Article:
Interestingly, the major city of Liverpool features sixth in the UK for highest percentage of residents living offline (15.8 percent), and Wolverhampton also bags a top 10 spot – it placed seventh with 15.7 percent of residents identified as lapsed or internet non-users.

Looking at the data at a regional level, the digital divide is largest in Northern Ireland – with 11.8 percent of residents reporting they haven’t used the internet in the past three month or have never used it.

Although 174,000 people report living offline in Northern Ireland, its digital divide is closing at an encouraging rate, falling over 25 percent between 2017 and 2020. Openreach have just announced plans to invest £100m into NI broadband, hopefully encouraging even more of the population to get online:

table. Offline uk residents by region

Ranked in second place is the North East, with 11 percent of residents living offline at the start of the pandemic – only 0.7 percent behind Northern Ireland. However, its hoped that this will drop further after the region’s superfast broadband upgrade in November 2020.

Since 2017, the North East’s digital divide has closed by 19 percent and just 0.1 percent compared to 2019.

Wales comes in third place for its digital divide, with 9.8 percent of its residents either lapsed or internet non-users in 2020 – down from 10.4 percent in 2019.

Unsurprisingly, Greater London has the smallest percent of the population living offline. One of the factors influencing London’s smaller digital divide is its population is comparatively young; the average age in London is 35.6, compared to 40.3 in the UK overall.

In Inner London, almost half the population is in their early twenties to early forties (46.7 percent), compared to 30.9 percent in the rest of England. Much of the city is made up of the ‘young professional’ demographic, however there are still 347,000 people living offline out of the 9 million residents. Since 2017, London’s digital divide has closed by an impressive 31 percent.

As the portion of the population who were born before the internet becomes smaller and the first generation of “digital natives” reach adulthood, the digital divide is expected to close further and at an accelerated rate across the whole of the UK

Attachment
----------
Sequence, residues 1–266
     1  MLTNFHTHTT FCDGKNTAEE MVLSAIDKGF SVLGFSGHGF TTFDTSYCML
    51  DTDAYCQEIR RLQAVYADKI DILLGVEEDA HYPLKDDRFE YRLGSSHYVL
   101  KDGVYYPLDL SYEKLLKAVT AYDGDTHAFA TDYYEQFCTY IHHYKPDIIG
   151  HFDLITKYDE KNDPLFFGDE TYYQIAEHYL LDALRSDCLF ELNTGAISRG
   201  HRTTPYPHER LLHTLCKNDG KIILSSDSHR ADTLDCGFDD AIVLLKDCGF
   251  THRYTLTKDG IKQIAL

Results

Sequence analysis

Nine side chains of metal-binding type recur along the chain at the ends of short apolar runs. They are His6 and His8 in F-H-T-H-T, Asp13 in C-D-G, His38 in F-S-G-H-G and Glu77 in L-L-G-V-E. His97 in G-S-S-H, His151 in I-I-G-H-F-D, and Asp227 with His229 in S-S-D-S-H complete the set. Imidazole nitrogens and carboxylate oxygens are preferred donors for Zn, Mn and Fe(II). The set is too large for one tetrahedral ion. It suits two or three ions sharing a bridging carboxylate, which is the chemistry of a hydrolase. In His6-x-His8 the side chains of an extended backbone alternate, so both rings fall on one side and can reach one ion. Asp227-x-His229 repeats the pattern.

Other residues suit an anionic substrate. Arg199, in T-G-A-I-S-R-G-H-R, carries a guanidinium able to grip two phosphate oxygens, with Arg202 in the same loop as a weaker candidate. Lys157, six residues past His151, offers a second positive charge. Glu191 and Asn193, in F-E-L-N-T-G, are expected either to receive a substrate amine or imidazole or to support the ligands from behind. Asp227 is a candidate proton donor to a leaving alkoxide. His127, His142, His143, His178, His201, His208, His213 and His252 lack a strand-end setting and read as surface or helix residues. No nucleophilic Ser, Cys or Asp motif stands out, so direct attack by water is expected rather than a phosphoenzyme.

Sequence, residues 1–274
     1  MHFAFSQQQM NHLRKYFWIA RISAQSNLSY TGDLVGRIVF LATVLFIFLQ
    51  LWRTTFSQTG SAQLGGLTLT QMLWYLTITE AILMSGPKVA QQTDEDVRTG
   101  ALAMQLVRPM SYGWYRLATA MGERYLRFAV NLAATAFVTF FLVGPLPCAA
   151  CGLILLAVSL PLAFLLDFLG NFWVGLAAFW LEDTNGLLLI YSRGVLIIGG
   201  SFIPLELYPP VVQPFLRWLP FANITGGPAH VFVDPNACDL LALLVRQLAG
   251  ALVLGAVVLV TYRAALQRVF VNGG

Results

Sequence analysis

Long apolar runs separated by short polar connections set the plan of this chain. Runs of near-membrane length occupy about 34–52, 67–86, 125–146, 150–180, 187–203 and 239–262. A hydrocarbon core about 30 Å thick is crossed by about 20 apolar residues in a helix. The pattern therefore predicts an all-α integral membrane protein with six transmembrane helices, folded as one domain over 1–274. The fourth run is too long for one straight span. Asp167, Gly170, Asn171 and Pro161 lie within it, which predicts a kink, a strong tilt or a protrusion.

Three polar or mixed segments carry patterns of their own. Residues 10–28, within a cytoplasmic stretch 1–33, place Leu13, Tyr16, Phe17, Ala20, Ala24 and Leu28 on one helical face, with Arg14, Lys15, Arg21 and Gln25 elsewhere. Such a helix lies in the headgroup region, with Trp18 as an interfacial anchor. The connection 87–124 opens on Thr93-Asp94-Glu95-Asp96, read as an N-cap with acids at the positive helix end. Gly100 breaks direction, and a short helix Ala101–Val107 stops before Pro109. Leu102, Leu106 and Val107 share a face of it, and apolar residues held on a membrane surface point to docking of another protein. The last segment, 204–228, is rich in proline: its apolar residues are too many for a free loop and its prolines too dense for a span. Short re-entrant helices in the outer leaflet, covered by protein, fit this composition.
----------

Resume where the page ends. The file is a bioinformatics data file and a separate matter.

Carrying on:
However, enduring social and economic issues will remain, preventing people from using or benefiting from the internet fully. The COVID-19 pandemic has increased inequalities between rich and poor households, squeezing budgets further.

According to the Resolution Foundation thinktank, British families took a bigger hit to their income during the pandemic than their European counterparts due to the structure of the UK economy and rising income inequality. This could impact the number of households who are able to afford internet access and IT equipment, with other vital goods and services being prioritised.

You can read more about the study and explore the findings on an interactive map here.


Internet non-users are defined as any adult (aged 16+) who has not used the internet in the last 3 months, or who has never used the internet at all.

The data used in this piece was released by the Office for National Statistics in April 2021.  This was the latest available data at the time of writing for regions and council areas.

Where the ONS data split locations into multiple areas, the data for a particular location was combined to produce an average overall result.

E.G. The data for North Nottinghamshire and South Nottinghamshire was combined to produce an average result for Nottinghamshire.